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Table of Contents > Herbs > Horsetail
Botanical Name:  Equisetum arvense
Common Names:  scouring rush, shave grass
Plant Description
Parts Used
Medicinal Uses and Indications
Available Forms
How to Take It
Possible Interactions
Supporting Research


Horsetail (Equisetum arvense), an herbal remedy dating back to at least ancient Roman and Greek medicine, was used traditionally to stop bleeding, heal ulcers and wounds, and treat tuberculosis and kidney problems. The name Equisetum is derived from the Latin roots equus, meaning "horse" and seta, meaning "bristle."

Today, horsetail continues to have medicinal value. The plant's stems are rich in silica and silicic acids, which help mend broken bones and form collagen, an important protein found in connective tissue, skin, bone, cartilage, and ligaments. Horsetail is also used to treat infections of the urinary tract, kidney and bladder stones, and as topical therapy for burns and wounds.

Plant Description

Horsetail is a descendent of huge, tree-like plants that thrived 400 million years ago during the Paleozoic era. A close relative of the fern, horsetail is a non-flowering weed found throughout parts of Europe, Asia, the Middle East, and North America. The plant is a perennial (returns each year) with hollow stems and shoots that look like asparagus. As the plant dries, silica crystals that form in the stems and branches give the plant a scratching effect, thus accounting for its historic use in polishing metal, particularly pewter.

Parts Used

The aboveground parts of horsetail (fresh or dried) are used for medicinal purposes.

Medicinal Uses and Indications

Horsetail has not been extensively studied people, but professional herbalists recognize that the herb has diuretic (promotes the excretion of urine) properties that may be useful for the following health problems:

  • Urinary tract infections
  • Kidney stones

Horsetail also can be applied externally to treat the following conditions:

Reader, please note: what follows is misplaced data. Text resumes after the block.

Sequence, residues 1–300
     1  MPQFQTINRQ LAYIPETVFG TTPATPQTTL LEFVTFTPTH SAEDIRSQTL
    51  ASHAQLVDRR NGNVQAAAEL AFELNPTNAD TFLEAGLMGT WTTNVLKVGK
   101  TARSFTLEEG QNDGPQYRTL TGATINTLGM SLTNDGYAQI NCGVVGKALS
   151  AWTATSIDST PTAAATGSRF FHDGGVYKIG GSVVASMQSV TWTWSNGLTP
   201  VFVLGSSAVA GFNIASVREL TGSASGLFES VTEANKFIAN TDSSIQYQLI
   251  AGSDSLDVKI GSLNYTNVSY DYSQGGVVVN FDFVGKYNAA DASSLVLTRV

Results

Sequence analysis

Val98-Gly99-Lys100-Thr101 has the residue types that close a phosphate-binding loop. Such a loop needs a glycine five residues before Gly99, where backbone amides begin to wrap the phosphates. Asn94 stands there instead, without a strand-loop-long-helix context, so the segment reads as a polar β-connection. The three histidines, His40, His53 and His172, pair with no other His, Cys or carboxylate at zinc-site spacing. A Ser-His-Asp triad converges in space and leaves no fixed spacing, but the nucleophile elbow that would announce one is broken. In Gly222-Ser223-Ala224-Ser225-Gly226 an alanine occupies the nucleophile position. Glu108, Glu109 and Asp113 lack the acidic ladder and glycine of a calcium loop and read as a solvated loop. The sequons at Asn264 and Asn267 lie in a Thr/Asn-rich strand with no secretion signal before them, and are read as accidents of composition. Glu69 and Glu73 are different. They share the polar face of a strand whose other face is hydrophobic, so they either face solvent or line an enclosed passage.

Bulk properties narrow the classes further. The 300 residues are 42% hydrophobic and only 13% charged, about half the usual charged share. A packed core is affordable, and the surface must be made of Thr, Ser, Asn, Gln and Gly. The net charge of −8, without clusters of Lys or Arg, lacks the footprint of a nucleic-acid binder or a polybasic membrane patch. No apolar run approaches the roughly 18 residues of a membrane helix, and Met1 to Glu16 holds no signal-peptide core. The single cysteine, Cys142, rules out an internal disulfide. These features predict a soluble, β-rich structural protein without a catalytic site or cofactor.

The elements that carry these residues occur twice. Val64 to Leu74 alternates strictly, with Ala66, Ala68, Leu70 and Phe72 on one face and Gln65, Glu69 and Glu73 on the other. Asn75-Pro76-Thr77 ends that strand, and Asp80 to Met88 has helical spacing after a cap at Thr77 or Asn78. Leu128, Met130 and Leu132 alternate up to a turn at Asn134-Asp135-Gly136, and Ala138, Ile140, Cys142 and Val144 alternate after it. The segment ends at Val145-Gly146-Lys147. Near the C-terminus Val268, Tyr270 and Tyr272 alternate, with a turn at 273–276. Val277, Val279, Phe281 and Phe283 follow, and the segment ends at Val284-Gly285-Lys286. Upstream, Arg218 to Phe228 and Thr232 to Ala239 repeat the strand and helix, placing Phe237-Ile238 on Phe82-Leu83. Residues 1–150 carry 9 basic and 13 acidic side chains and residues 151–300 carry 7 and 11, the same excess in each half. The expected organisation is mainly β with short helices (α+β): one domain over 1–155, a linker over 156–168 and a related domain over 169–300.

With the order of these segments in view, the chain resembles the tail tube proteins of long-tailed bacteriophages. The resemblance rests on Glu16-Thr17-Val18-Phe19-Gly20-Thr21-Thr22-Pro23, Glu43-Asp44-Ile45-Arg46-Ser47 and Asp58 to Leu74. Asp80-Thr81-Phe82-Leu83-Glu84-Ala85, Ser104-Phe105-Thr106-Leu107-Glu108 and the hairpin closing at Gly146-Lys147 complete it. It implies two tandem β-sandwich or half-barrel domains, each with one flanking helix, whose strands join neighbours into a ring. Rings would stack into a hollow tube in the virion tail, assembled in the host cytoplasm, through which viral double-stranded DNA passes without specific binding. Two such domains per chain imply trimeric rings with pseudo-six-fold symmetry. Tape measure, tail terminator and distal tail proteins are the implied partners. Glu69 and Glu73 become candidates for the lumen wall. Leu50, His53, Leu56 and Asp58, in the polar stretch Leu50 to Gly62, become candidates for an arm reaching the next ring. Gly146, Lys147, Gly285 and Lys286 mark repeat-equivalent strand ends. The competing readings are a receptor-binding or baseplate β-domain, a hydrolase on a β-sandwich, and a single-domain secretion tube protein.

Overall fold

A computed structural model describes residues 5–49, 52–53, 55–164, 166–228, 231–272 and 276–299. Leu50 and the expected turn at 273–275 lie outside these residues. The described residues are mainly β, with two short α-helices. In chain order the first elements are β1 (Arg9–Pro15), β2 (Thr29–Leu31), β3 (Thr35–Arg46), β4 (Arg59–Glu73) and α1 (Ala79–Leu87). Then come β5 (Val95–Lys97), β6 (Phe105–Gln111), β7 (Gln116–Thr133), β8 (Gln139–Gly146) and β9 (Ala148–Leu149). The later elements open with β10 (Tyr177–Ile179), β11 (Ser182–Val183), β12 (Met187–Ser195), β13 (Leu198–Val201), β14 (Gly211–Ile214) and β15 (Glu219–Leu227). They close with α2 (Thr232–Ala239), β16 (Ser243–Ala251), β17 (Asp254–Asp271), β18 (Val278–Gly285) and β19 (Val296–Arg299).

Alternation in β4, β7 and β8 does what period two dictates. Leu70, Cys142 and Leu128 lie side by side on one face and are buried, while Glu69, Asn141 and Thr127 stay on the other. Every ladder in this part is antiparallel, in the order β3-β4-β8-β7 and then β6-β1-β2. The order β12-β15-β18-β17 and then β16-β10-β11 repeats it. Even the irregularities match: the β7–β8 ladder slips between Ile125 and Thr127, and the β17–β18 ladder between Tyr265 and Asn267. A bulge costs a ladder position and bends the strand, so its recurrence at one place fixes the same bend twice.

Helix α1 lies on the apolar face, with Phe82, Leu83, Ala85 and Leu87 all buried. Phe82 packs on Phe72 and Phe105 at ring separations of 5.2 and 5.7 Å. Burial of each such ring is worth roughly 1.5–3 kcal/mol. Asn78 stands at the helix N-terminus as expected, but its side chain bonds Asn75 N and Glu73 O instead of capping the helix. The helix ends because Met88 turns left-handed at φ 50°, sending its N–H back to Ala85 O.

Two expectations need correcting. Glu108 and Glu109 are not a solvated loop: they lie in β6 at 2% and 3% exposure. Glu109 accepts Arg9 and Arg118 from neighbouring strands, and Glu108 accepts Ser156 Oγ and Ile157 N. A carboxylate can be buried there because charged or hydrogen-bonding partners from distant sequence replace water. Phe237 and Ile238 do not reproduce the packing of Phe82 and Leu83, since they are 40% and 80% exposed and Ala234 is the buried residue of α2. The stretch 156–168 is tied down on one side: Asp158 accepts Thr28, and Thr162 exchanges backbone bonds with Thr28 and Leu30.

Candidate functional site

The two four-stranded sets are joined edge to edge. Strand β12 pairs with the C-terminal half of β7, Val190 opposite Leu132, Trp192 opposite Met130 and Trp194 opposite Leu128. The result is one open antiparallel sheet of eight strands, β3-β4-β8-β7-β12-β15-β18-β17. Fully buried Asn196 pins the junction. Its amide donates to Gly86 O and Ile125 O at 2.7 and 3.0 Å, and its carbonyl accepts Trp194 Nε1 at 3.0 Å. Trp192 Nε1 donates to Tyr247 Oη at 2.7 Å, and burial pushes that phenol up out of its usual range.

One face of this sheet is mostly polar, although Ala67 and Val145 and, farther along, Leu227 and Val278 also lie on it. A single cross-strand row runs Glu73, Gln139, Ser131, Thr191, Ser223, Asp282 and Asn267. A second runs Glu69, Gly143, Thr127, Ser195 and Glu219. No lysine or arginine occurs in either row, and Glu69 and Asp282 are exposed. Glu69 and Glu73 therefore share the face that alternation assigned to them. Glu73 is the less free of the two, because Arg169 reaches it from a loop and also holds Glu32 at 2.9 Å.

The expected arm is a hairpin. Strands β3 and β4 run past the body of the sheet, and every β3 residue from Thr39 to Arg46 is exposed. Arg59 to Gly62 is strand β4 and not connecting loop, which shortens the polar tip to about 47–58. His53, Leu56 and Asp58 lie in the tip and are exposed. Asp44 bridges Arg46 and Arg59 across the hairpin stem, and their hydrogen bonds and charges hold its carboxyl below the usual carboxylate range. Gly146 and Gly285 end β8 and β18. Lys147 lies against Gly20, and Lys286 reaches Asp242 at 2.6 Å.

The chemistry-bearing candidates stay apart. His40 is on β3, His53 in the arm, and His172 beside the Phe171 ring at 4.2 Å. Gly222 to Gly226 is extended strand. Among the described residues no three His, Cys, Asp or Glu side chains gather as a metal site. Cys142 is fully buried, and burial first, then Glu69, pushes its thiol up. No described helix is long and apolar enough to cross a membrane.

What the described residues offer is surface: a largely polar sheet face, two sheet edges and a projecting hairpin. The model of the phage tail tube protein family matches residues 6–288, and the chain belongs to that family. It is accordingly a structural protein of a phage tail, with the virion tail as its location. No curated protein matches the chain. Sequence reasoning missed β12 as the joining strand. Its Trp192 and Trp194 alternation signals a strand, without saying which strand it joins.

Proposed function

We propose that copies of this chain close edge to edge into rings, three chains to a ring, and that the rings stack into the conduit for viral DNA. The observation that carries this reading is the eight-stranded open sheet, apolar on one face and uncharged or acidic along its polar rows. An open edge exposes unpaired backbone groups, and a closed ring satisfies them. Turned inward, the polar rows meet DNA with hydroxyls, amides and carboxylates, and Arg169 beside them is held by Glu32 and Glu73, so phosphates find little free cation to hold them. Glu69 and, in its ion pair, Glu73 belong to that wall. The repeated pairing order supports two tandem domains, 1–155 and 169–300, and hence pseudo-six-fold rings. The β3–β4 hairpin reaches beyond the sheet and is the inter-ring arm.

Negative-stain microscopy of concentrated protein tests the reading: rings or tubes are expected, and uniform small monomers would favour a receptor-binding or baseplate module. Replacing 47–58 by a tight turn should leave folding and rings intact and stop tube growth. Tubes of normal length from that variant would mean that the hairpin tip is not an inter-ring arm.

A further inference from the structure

• Burns (first-degree)
  • Fractures
  • Rheumatic conditions
  • Sprains
  • Wounds (especially poorly healing ones)

Available Forms

Horsetail is available in the following forms:

  • Dried herb
  • Liquid preparations

Horsetail preparations should be stored in well-sealed containers to ensure protection from light.

How to Take It

Adequate fluid should be consumed when taking horsetail preparations orally.

A tea is prepared by pouring boiled water over 2 to 3 g horsetail herb, boiling for five minutes, and then straining after 10 to 15 minutes. Drink during the day between meals.

An infusion for internal use is made by adding 1.5 g of horsetail herb to 1 cup of boiling water. Let it steep for 30 to 40 minutes.


For fractures, adjust the recommended adult dose to account for the child's weight. Most herbal dosages for adults are calculated on the basis of a 150 lb (70 kg) adult. Therefore, if the child weighs 50 lb (20 to 25 kg), the appropriate dose of horsetail for this child would be 1/3 of the adult dosage.


  • Internal: 6 g per day
  • Herbal infusion: 4 oz three times per day
  • Tincture (1:5): 1 to 4 mL three times per day
  • External (compresses): 10 g of herb per 1 L water per day


The use of herbs is a time-honored approach to strengthening the body and treating disease. Herbs, however, contain active substances that can trigger side effects and interact with other herbs, supplements, or medications. For these reasons, herbs should be taken with care, under the supervision of a practitioner knowledgeable in the field of botanical medicine.